Mercury and Yamaha worked together on several engines/models in the past.
 

leachy

Contributing Member
The meter is fine it reads in line with the actual meter in the boat, actually the boat reads a little high. after doing a bit of reading it seems that back then they didn't think batteries and electronics needed to have a regulated voltage, and that it was fine to just use the internal resistance of the battery to regulate the charge voltage. the new rectifier / regulator from CDI should help things. Also hoping it will provide additional protection to the rest of the electronics in the motor seeing it will be a stable voltage now.
 

jimn

Advanced Contributor
The meter is fine it reads in line with the actual meter in the boat, actually the boat reads a little high. after doing a bit of reading it seems that back then they didn't think batteries and electronics needed to have a regulated voltage, and that it was fine to just use the internal resistance of the battery to regulate the charge voltage. the new rectifier / regulator from CDI should help things. Also hoping it will provide additional protection to the rest of the electronics in the motor seeing it will be a stable voltage now.
Voltage has always been regulated and if it was OK before, it would point to the regulator as the cause of the problem. The Stator doesn't output DC voltage/current, it's AC and part of the job in the system is rectification to DC, with a bit of filtering, to make it usable for the other electronics. While the battery does a lot, its changes over time would have been a variable that should have made any engineer said "We need to make this reliable".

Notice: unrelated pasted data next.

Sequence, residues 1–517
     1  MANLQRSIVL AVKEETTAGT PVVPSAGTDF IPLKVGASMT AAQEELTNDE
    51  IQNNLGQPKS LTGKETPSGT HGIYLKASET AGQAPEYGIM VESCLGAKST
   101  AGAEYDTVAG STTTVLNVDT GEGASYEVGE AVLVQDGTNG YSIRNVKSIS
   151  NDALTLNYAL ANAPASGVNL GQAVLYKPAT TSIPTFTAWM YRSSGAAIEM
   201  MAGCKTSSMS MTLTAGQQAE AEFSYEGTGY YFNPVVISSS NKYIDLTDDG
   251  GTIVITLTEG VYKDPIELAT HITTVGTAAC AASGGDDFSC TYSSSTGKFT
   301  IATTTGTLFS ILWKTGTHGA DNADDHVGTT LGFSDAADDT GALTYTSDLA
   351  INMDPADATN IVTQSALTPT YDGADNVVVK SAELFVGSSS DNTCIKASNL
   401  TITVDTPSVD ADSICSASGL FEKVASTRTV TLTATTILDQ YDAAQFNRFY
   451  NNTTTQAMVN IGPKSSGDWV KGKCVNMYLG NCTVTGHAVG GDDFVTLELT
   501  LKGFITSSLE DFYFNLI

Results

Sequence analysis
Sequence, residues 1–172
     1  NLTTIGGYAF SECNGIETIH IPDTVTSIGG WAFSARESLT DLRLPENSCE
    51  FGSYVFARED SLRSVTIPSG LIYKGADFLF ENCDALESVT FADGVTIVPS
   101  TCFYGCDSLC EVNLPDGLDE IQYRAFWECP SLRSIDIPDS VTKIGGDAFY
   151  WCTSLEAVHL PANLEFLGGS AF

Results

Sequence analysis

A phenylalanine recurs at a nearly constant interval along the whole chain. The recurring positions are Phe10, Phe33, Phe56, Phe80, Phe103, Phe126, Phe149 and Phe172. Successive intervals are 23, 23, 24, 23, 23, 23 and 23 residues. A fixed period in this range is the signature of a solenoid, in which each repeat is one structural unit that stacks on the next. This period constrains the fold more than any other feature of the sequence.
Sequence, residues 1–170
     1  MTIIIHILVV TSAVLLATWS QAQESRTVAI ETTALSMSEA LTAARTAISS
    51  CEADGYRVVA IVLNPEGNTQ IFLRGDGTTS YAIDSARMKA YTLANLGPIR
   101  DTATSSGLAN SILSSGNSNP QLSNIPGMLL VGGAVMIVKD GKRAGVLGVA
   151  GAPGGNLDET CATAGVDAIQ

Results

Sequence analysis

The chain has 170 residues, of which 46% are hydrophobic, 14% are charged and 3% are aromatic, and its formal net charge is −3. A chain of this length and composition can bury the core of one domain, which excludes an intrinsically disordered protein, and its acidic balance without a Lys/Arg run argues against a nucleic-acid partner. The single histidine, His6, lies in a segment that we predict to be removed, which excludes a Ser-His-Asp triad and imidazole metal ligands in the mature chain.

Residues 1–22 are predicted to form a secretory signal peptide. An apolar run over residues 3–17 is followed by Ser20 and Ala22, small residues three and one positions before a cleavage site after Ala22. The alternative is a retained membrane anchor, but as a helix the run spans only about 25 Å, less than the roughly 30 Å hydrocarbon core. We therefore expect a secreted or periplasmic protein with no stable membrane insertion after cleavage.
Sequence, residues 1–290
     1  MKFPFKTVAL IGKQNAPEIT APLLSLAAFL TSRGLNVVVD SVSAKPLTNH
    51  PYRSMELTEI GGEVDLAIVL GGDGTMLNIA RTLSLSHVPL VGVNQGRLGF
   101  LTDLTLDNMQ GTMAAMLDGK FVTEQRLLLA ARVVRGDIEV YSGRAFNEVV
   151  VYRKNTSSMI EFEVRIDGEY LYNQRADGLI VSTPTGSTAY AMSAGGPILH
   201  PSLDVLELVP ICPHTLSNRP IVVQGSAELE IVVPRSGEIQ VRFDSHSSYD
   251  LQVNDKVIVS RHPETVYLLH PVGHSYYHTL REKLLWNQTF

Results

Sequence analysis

The Mercury/Mercruiser Electronic Parts Catalog shows 5772A7 as the part number for all '86 Merc 2 stroke 75HP OB motors, for US, Canada and Belgium. The Amazon listing shows the 815279T is for motors that start in 1989 and it looks nothing like the one for your year.

Yours looks like this, right?

61B7wNRy3XL._AC_SL1050_.jpg
 

leachy

Contributing Member
From what I can see and have read the older merc had a very simple design charging system and no regulator only a rectifier and relied on the battery to cope with the higher voltage, just meant they would get warmer and evaporate the water in the cells. This is perfectly fine for the older design batteries that you could access the cells to top up with water. The newer maintenance free ones it will kill them as there is no way to add water. This item here upgrades from the old rectifier only part to having a regulator as well so should limit the voltage to 14.6V

https://www.cdielectronics.com/product/193-5114

193-5114-scaled.jpg


The pic you posted is the switch box, don't want to ever replace another one of those very expensive,
 

leachy

Contributing Member
Ok so still trying to work this. I fitted the above part and that didn't, all it seems to have done is blown up my switch box, not impressed. Just wondering how others deal with the high voltage charging (17.1V) with the older Merc motors. I am 100% certain charging at the high a voltage will kill the battery.

Just wondering what others do in this situation. Im thinking of just making some kind of making some kind of "Black Box" with a few big resistors and heat sink to just dump the excess power.
 

leachy

Contributing Member
Thanks quicksilver,

At the moment mine only has the rectifier off the stator, and from what I cant see and determine only has the rectifier with the three point connection. It has a direct connect where you have the yellow wire, in my case red to the starter solenoid which is then off to the the battery, it doesn't have the part 88825A7in the loom, hence the high voltage output.

Thanks for your help
 

leachy

Contributing Member
Hi Quicksliver,

I used this part as per CDI's recommendations. That part you have used is no longer made by Mercury.


However it seems to have fried my Switchbox so I am nervous about fitting things inline. The switchboxes on the Mercury motors seem very fragile and such a weak point in the system. This will be my third so as you can see its getting expensive.